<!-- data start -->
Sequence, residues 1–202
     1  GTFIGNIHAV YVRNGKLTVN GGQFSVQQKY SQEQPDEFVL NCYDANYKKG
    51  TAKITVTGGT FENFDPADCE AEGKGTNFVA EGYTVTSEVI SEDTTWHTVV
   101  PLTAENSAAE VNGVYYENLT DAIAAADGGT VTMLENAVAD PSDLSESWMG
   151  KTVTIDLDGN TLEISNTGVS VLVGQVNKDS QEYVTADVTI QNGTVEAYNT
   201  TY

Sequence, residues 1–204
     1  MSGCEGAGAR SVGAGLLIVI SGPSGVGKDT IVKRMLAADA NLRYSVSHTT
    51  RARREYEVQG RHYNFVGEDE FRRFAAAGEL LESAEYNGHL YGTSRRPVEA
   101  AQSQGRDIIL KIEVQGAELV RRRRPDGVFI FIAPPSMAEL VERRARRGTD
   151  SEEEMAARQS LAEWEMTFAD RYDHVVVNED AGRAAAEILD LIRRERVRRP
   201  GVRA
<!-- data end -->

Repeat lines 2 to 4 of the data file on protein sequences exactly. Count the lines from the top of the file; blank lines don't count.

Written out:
     1  GTFIGNIHAV YVRNGKLTVN GGQFSVQQKY SQEQPDEFVL NCYDANYKKG
    51  TAKITVTGGT FENFDPADCE AEGKGTNFVA EGYTVTSEVI SEDTTWHTVV
   101  PLTAENSAAE VNGVYYENLT DAIAAADGGT VTMLENAVAD PSDLSESWMG